These days, we’re confined to our homes because of the coronavirus. That’s forced designers and publishers of tabletop games to think outside their 11×11-inch boxes.
How has COVID-19 impacted production and game design? Are there opportunities to be found for designers during times of crisis?
Trying to make sense of these conundrums are some of the world’s most renowned board game designers. Let’s meet our players… I mean panelists… for this virtual Comic Con @ Home 2020 debate.
- Eric Lang needs little introduction. He is the game director at Cool Mini or Not (CMON), a juggernaut publisher known for many blockbuster titles that went on to become BoardGameGeek top 100 games, such as Blood Rage and Rising Sun.
- Emerson Matsuuchi is a game designer for Nazca Games. His first big hit as a designer was Specter Ops back in 2015, but he really took the industry by storm in 2017 with Century: Spice Road, which since then has grown into a trilogy. Emerson is also a very talented 3D modeler and programmer.
- Sen-Foong Lim is a game designer and psychology professor hosting a livecast about board game design on Facebook called Meeple Syrup. Together with business partner Jay Cormier, he has designed acclaimed board games like Belfort, Junk Art and the splendid underrated 2-player title Akrotiri.
- Elisa Teague is a game designer and writer for card games, board games and RPGs, with 20 years of experience in the industry. She is currently working alongside renowned publishers Renegade Game Studios and Wizkids on Wardlings, an RPG campaign guide set in a magical fantasy world.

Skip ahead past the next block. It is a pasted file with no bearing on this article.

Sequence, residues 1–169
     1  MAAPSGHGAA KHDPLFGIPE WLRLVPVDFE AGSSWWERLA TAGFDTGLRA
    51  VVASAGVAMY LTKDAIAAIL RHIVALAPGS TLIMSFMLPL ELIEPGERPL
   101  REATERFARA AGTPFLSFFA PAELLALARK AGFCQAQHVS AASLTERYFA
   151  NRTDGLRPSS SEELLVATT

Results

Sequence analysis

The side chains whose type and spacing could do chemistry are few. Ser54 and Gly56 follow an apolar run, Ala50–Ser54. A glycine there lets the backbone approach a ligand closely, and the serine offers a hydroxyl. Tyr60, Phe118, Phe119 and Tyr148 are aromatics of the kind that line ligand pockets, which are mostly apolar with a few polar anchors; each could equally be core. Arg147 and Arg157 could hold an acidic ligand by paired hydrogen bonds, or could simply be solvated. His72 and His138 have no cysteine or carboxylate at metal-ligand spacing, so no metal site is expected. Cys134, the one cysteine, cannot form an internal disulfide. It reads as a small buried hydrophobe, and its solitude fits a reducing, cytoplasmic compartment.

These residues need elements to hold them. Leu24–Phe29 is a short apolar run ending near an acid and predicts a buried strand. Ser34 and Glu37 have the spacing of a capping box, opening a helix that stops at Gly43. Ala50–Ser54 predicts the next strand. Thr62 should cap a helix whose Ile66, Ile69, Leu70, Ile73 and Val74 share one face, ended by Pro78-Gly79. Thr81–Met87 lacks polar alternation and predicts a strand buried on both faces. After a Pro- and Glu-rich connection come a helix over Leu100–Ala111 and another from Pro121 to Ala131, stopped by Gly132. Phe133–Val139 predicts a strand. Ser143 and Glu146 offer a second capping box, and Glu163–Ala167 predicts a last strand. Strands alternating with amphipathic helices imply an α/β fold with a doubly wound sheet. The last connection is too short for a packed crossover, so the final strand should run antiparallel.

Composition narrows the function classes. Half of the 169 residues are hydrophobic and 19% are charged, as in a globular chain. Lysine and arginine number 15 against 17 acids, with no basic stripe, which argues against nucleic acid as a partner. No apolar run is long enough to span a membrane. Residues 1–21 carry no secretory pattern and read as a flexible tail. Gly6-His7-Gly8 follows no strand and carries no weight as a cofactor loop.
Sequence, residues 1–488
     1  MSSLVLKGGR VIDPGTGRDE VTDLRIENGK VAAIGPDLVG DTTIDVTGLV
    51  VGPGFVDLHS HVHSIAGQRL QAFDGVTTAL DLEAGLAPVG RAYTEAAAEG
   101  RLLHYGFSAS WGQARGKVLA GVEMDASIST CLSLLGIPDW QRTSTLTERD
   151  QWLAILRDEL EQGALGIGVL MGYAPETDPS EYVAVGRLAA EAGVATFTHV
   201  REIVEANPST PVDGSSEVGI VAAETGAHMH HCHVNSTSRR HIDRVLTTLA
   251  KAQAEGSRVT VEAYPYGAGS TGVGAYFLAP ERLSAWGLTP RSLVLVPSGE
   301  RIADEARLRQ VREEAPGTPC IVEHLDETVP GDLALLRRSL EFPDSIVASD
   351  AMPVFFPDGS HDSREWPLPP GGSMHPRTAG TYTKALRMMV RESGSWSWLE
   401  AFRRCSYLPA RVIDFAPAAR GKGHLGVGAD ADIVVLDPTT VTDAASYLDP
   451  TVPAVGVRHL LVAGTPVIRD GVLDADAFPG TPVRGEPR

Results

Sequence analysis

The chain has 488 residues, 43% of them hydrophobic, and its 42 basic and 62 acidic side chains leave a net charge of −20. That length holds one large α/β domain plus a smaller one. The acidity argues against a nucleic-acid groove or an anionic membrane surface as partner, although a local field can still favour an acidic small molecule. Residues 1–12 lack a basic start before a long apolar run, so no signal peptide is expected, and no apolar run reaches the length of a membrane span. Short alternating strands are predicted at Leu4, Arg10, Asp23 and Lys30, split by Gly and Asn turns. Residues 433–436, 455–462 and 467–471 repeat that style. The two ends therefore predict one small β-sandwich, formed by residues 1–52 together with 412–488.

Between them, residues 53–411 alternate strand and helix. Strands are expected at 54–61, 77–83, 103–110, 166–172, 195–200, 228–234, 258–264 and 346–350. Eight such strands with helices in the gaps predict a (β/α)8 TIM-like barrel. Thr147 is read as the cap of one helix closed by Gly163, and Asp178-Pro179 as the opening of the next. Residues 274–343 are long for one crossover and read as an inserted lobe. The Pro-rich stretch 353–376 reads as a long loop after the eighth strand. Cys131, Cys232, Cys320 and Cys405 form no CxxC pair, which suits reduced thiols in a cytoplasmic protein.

- Kathleen Mercury has been teaching kids in middle school how to design games for over a decade. She hosts a podcast called Games in Schools and Libraries.
Digital Tech for Tabletop Games: A Blessing and a Curse
As with all things in life, there’s usually positives and negatives. Being a publisher or a game designer during corona times is no different. While physical board gaming is taking a bit of a beating right now, digital platforms — such as Board Game Arena, Tabletopia, and Tabletop Simulator — are thriving.
“We are testing completely digitally now using Tabletop Simulator,” says Eric Lang. “The challenge is not so much for late stage playtesting which is very data driven, but rather for early stage playtesting, where you need to be able to see the reactions of the people around the table. The feedback you get from that is hard to procure from behind a computer screen.”“If I lead it, I’m leading them.” —Elisa TeagueClick To Tweet
Elisa Teague adds playtesting is at a standstill since regular testing groups can’t be held in person.
For RPG game design, there are usually fewer components required. Software can roll dice. You can run a scenario easily with video conferencing software such as Zoom.
“It’s hard when you can’t have a face-to-face reaction of watching a group of people play together,” she says. “Usually I will just sit back and not even play. I just watch people go through the rules and components, taking notes of how they work problems out themselves and what I’m missing in my rule set.”
In real life, she can observe first hand the visual cues of players. But that’s impossible over Zoom.
For playtesting of strategic games, you generally want to avoid having to lead your group. “If I lead it, I’m leading them,” Elisa says.
Some Extra Time on Their Hands
One of the advantages of the current pandemic is that a lot of people are home from work with lots of time on their hands.